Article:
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405-unit ‘Union West’ apartment plan formally introduced to West Loop neighbors

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Known as Union West, the mixed-use development would deliver 405 rental units and 232 parking spaces

Image courtesy of bKL Architecture

Last night, scores of West Loop residents braved the bitter windchill to attend a public meeting where a 405-unit apartment development proposed for the block bordered by Washington, Sangamon, Morgan, and Madison officially broke cover. Slated for land currently owned by The Haymarket Center for addiction treatment, the so-called Union West project comes from developers ZOM Mid-Atlantic & Verde Communities and Chicago-based bKL Architecture. Union West’s footprint is rather unique as it consists of three smallish rectangular lots (currently a pair of surface parking lots and an unremarkable single-story building) linked via a central mid-block spine.

Like a perfect gas from chemistry class, the lower portion of the proposed development—consisting of parking, loading docks, lobbies, and retail bays—expands to completely fill the available volume. Things change a bit as the development rises and its three distinct masses emerge. Instead of stretching out to the property line as allowed under the site’s Downtown Mixed (DX) zoning, the upper levels step back 12 feet as a courtesy to create an added buffer between the new development and the block’s existing residential buildings.

Image courtesy of bKL Architecture

Union West’s three mid- and high-rise components would rise to a height of 8, 15, and 17 stories—representing a reduction from the 8-, 17-, and 19-story plan that was discussed prior to the project’s public debut. The height, massing, and material of each building are modulated and articulated in a way designed to break things up a bit visually. While Union West may be taller than many of the West Loop projects in the pipeline, it’s also considerably thinner. Such a layout allows more light and air to reach the streetscape versus some of the neighborhood’s more recent wide, blob-like massings.

The materials of Union West also offer a fresh take on the standard post-industrial West Loop aesthetic. Thomas Kerwin of bKL architecture describes the exterior treatment as a “tripartite” design—consisting of a lower portion clad in brick and metal, parking levels screened by opaque glass framed in metal, and an upper portion that transitions into architectural precast and airy glass. A centrally-located amenity deck with a pool occupies the top of the podium and would be shared by the three apartment components.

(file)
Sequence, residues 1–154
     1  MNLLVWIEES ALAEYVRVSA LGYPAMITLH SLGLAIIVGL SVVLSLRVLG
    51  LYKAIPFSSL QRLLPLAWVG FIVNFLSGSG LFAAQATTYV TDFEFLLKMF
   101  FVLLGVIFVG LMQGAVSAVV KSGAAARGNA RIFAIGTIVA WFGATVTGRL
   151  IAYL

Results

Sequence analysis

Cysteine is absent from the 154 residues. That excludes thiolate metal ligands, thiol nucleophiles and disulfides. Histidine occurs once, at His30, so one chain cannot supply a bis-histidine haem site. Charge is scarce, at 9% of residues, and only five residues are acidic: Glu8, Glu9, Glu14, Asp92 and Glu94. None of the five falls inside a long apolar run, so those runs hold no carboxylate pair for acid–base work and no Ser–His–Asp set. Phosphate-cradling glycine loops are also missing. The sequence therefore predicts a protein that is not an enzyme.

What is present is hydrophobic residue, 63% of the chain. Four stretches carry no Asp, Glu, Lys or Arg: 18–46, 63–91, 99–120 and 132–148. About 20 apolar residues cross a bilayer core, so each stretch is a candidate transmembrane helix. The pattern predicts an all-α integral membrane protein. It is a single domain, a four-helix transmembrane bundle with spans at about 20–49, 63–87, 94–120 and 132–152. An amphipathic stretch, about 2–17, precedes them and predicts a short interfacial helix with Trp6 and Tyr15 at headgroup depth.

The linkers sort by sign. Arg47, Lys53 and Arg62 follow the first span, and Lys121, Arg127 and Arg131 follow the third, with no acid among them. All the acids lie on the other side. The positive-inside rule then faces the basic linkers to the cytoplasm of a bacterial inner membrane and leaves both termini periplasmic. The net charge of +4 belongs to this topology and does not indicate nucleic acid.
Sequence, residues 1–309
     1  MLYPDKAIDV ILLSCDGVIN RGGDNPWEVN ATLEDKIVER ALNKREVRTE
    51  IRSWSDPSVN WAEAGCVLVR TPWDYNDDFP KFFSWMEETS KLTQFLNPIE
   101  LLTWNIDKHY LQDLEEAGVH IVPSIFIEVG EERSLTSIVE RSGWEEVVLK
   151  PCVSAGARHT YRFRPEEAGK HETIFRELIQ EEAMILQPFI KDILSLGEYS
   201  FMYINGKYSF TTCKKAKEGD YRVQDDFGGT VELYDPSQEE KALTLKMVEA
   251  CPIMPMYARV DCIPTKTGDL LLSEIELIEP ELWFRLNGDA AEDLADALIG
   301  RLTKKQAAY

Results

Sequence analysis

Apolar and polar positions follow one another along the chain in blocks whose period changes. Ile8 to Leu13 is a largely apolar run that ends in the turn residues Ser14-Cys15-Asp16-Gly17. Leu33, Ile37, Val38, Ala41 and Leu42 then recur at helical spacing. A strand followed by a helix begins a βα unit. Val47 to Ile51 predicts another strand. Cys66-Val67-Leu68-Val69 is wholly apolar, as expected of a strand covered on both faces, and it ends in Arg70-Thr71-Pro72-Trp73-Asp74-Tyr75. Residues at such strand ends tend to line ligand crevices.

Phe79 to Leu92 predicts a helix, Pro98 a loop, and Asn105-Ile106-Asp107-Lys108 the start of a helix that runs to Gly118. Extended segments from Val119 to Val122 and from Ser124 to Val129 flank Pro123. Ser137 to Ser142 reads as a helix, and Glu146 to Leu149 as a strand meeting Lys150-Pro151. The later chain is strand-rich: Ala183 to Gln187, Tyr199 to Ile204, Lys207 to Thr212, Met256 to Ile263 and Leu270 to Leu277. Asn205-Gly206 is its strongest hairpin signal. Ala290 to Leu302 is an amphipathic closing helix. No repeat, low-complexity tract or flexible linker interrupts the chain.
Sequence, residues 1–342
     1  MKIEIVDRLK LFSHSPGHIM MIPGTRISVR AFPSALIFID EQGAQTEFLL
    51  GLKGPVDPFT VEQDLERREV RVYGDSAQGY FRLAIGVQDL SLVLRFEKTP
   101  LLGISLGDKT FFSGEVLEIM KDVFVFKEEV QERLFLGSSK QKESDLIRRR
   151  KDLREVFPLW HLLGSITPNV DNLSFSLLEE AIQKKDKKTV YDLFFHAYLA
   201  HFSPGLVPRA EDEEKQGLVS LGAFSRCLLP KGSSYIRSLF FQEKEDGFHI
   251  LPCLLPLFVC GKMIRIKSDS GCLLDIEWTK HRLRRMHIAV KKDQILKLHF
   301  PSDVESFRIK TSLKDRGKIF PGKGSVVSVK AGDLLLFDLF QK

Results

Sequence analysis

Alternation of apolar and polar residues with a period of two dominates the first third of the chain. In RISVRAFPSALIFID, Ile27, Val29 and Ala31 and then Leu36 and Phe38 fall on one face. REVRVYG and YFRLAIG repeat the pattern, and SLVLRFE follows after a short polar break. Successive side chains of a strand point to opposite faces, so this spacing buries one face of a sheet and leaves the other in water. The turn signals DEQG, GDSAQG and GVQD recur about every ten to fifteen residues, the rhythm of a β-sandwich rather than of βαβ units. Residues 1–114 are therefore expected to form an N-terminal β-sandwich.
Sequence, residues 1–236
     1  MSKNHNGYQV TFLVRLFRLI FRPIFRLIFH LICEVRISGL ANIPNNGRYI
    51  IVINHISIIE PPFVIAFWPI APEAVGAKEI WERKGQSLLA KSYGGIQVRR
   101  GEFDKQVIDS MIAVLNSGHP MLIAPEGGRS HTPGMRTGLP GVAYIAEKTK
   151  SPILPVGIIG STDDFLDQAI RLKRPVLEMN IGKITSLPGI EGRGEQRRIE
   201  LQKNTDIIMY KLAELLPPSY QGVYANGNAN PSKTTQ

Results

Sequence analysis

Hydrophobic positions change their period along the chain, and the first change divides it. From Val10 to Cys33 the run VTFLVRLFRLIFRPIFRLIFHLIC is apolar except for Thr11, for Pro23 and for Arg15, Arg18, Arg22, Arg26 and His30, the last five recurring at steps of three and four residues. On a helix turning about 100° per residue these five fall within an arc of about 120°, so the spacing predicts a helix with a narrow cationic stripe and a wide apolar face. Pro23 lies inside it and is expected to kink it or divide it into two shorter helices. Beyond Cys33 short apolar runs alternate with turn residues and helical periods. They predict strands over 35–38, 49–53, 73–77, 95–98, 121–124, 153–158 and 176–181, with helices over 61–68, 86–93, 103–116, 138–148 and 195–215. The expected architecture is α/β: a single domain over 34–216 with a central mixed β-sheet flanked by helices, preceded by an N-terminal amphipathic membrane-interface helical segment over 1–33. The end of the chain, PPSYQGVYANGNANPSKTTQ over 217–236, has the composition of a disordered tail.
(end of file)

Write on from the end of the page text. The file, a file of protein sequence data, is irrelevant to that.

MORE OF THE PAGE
Image courtesy of bKL Architecture

The proposal would be served by 232 off-street parking spaces with 64 reserved exclusively for the Haymarket Center and the remainder serving Union West’s 405 apartment units. A transit-oriented development (TOD), the project features a mix of studio, one-, two-, and three-bedroom floor plans aimed at attracting younger urban singles and couples expected to work in the neighborhood or downtown and forgo personal car ownership. Apartments will roughly range between 500 and 1,400 square feet and rent between $2,000 and $4,000, according to the developers.

Given the West Loop’s history of opposition to new developments taller than about nine stories in height, last night’s neighborhood reception to the Union West project was unsurprisingly icy. The aforementioned reduction from 19 to 17 stories was little consolation to some in attendance. One resident even went as far as saying the meeting was a “waste of time” considering that the community has made its thoughts on tall buildings, renters, and low parking ratios well known in the past.

The development team is hoping for a zoning bump from DX-3 to DX-5 with an additional 3.1 points of floor area ratio (FAR) to be purchased via Chicago’s Neighborhood Opportunity Bonus program. Local 25th Ward Alderman (and Chairman of Chicago’s Committee on Zoning) Danny Solis was not in attendance last night but did send a representative from his office. A follow up meeting regarding the project seems likely to take place at a future date to be determined.

Image courtesy of bKL Architecture